Emerging-market debt in the COVID-19 pandemic
We have to remember that pandemic is not only showing opportunities, but also bringing risks and threads, especially for emerging economies, with less financial reserves.
Global Economy and Finance Programme published interesting project called: ‘Rebuilding International Economic Cooperation’ which offers two proposals to help prevent sovereign debt crises in emerging markets.
Long story short (whole paper available below).
This briefing paper argues two points. The first is that while nervousness about an immediate global crisis of foreign-exchange-denominated debt currently seems unwarranted, there are good reasons to think that the conditions for such crises could easily build up over the next few years. In order to reduce those risks, policymakers and regulators should intensify their focus on emerging economies’ external balance sheets. Put bluntly: the risk of future debt crises can only really be reduced by limiting the accumulation of net foreign-currency-denominated external debt. The IMF’s metric for assessing reserve adequacy (ARA)2 should be placed at the centre of analyses of whether a country can take on additional foreign-currency liabilities.
The second point is that some emerging economies could face problems related to local-currency-denominated public debt well before they face problems related to foreign-currency-denominated external debt. This is particularly the case in countries where local bond yields are very high relative to expectations of future GDP growth. To address this threat to domestic solvency, the issuance of state-contingent liabilities – in the form of GDP-linked bonds – should be considered a priority.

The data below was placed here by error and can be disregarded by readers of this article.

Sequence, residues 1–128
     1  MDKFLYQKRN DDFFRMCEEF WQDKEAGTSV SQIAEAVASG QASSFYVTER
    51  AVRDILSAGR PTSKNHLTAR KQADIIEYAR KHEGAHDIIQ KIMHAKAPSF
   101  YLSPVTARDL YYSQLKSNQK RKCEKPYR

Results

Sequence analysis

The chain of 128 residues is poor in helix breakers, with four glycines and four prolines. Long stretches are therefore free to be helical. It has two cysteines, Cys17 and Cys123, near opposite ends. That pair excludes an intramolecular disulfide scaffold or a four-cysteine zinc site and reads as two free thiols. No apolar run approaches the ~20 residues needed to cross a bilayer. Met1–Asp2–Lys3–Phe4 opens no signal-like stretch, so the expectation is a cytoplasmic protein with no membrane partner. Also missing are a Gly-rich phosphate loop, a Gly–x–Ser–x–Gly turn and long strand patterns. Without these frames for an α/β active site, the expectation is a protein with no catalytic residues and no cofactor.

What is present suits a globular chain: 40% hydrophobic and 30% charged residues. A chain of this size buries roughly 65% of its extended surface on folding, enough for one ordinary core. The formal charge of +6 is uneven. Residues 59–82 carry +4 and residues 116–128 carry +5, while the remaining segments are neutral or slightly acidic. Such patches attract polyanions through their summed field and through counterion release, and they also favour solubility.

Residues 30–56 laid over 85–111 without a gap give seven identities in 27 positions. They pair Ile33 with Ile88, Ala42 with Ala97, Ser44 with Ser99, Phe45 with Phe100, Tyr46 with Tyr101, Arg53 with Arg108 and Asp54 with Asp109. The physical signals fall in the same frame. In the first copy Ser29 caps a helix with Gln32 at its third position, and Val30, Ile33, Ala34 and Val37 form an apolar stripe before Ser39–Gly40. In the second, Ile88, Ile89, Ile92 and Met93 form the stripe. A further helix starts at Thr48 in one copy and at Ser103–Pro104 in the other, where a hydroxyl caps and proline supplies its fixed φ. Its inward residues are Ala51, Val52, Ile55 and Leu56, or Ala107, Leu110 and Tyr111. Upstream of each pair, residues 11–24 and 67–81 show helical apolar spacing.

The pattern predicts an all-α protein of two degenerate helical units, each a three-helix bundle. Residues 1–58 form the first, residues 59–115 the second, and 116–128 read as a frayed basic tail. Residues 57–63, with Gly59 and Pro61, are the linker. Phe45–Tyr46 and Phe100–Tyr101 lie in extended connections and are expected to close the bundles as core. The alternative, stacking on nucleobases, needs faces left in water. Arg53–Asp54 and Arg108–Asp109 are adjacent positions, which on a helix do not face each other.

— The COVID-19 pandemic has raised concern about the risk of sovereign debt crises in emerging economies. Although most concern has centred on foreign-exchange denominated debt, governments could also encounter financing difficulties when seeking to borrow externally in their own currencies.
— To reduce the risks around foreign-currency debt, policymakers and regulators should increase their focus on emerging economies’ external balance sheets. In particular, the IMF’s metric for assessing reserve adequacy (ARA) should play a bigger role in determining whether countries can take on additional liabilities. — A number of emerging economies also face a more challenging international market for their local-currency debt. If external demand for such bonds remains weak, this could push up local-currency bond yields and increase the risk of these countries accumulating more foreign-currency debt to finance their spending needs.
— One way to address this would be to promote the issuance of GDP-linked bonds. This would boost investor returns in periods of higher economic growth, while reducing issuers’ debt servicing costs in periods of lower growth. Emerging economies can’t launch such a market on their own, however: developed countries will first need to establish the viability of such instruments by issuing GDP-linked bonds themselves, or provide high-level sponsorship of the idea.